Gene Ontology (GO) annotation for cellular component and biological process of the identified urine proteins was performed by using the Database for Annotation, Visualization and Integrated Discovery (DAVID 6.8) bioinformatics resource (20, 21). Biomarkers were screened from the identified proteins using the Ingenuity Pathway Analysis biomarker filter module.
Results and Discussion
Global Profiling of the Urine Proteome
Many urinary proteomics studies have been completed over many years with varying levels of protein coverage. Among the global deep proteomics studies with >2,000 unique protein IDs, most have reported on samples from healthy subjects. Our purpose here was to create a relatively comprehensive urine proteome database with urinary proteins that would be detectable in both diseased and healthy conditions. Importantly, we aimed to demonstrate what proteins could be detected using commonly applied standard LC-MS/MS techniques. The concept was to combine datasets from samples related to renal or other conditions relevant to the urinary tract from several independent global urine proteome profiling efforts from our laboratory as summarized in Figure 1, including an illustration of potential sources of urinary protein biomarkers from different disease conditions. The first profiling efforts involved pooled urine samples from a renal rejection study with four different clinical conditions (AR, STA, NS, HI); where following protein digestion, peptides were fractionated into 32 fractions per sample by strong cation exchange chromatography (SCX) and analyzed by LC-MS/MS on a LTQ instrument. The second study involved pooled samples from prostate cancer patients; where peptides were fractionated by high-pH reversed-phase LC into 24 fractions and analyzed by LC-MS/MS on an Orbitrap Velos instrument. The combined dataset includes a total of ~150 LC-MS/MS analyses to generate the final urine proteome database. Following database searching with the MSGF+ algorithm, we identified a total of ~28,000 unique peptides (Supplementary Table 1) and ~2,200 unique proteins (Supplementary Table 2) with FDR <0.5% at the protein level based on decoy database search and using stringent filtering criteria.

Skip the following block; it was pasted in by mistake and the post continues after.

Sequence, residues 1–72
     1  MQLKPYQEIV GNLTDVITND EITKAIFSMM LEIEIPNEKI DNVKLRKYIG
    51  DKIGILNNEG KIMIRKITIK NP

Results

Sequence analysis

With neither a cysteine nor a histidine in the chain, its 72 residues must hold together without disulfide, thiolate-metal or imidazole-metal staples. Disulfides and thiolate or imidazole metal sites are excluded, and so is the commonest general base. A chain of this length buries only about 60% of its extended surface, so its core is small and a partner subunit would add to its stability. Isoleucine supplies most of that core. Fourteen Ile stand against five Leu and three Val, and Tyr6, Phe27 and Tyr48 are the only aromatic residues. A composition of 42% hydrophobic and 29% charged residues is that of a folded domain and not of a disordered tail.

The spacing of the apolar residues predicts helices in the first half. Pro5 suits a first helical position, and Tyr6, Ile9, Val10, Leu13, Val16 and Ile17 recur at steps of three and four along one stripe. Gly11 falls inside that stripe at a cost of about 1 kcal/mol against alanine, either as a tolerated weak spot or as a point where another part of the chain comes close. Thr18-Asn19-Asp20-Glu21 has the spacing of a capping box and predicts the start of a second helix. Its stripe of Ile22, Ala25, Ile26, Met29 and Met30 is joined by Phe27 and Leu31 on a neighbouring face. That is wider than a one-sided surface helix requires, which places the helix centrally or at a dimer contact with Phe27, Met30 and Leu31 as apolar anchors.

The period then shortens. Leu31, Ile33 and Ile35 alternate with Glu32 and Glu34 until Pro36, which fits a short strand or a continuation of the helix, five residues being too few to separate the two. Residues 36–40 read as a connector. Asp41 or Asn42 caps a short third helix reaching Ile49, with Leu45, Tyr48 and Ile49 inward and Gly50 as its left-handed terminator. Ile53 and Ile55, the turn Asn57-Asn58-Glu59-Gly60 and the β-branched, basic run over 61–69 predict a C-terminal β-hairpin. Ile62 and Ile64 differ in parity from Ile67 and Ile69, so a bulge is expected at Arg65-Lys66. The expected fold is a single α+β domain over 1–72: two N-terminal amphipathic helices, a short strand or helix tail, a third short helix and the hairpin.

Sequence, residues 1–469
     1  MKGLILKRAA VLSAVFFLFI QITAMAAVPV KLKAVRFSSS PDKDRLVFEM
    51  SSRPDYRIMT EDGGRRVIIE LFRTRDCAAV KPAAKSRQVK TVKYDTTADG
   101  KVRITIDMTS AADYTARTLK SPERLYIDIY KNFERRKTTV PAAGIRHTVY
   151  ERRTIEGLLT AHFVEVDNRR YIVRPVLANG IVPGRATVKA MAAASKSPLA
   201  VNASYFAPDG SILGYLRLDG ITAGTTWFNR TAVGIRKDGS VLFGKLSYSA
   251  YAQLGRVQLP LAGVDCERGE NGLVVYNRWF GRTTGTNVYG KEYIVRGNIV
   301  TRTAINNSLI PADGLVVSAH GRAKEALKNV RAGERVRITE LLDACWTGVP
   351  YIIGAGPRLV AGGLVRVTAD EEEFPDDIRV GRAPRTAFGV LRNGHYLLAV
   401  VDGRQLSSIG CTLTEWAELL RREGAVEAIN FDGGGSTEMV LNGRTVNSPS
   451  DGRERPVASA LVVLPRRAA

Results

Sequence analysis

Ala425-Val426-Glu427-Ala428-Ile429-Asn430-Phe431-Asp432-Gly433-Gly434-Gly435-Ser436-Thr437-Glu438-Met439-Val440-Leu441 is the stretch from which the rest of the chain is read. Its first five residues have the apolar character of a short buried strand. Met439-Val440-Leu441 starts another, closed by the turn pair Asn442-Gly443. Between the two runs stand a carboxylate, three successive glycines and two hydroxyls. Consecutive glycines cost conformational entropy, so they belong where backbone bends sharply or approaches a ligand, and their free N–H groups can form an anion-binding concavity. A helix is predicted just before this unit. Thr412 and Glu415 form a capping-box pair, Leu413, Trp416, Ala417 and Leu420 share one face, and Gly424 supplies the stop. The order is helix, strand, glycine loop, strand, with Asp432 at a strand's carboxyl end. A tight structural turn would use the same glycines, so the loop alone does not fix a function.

Figure 1. (A) An overview of the workflow for analysis of the urine proteome; (B) An illustration of potential sources of protein biomarkers from different organs into urine; (C) The relative number of proteins and PSMs across conditions. *Note that the PSM counts of PC was normalized again those of HI to account for the differences in MS platforms.
Figure 1C shows the number of total proteins and total PSMs from different conditions. We note that there are substantial differences in the age ranges of patient cohorts, fractionation methods, and instrumentation platforms being used for the two independent profiling studies. A global normalization of the PSM counts for PC against those from HI to account for the instrumentation platform differences between the two studies as outlined in Figure 1A. Despite these differences, the proteome coverage in terms of the number of proteins identified from each condition was still relatively comparable. An interesting observation is the PSM counts for urine albumin, where 27,474 and 18,116 PSMs for serum albumin in the NS and AR conditions, respectively, but only 11,974 PSMs for albumin in the HI condition. Several other highly abundant serum proteins such as serotransferrin, retinol-binding protein 4, protein AMBP, and alpha-1 antitrypsin were also observed with high PSMs in disease conditions compared to HI. These observations are consistent with proteinuria as a known biomarker of kidney disease (22).
Comparison to Previous Urine Profiling or Biomarker Studies
Next, we compared our current set of urine proteins with results from several recent published global urine proteome profiling studies, which were mostly from healthy donors. Using a combination of 15 prior studies (including most listed in Figure 2), Farrah et al. (23) compiled a comprehensive list for the PeptideAtlas project urine section (UrinePA) and found 2,491 unique proteins confidently detected in those studies. The current most accessible proteome profiling method is the 2D-LC-MS/MS workflow, which consists of pre-fractionation with either high pH reverse phase LC or strong cation exchange (SCX) chromatography. Several groups have used this method to obtain relatively high urine proteome coverage (13, 24). Other specialized techniques have also been applied to expand the urine proteome coverage, including micro-vesicle and exosome enrichment prior to MS sample preparation (14), 2D SDS-PAGE separation and spot excision followed by LC-MS (10, 12, 25), multi-dimensional gel electrophoresis followed by multi-dimensional LC-MS (15), and using combinatorial peptide ligand library (CPLL) binding beads to “equalize” protein abundances (24). A urine proteome database with deeper coverage (~6,000 proteins) was recently reported using several specialized methods including gel-free electrophoresis and isoelectric focusing (15). However, it is still unclear whether disease associated proteins would be missed from these efforts focusing on samples mainly from healthy individuals. Our urinary proteome database was generated using easily accessible techniques and incorporated multiple disease conditions in order to provide a useful baseline reference resource for guiding urine biomarker discovery. The comparison of the urine proteome coverage from different studies using various techniques is illustrated in Figure 2.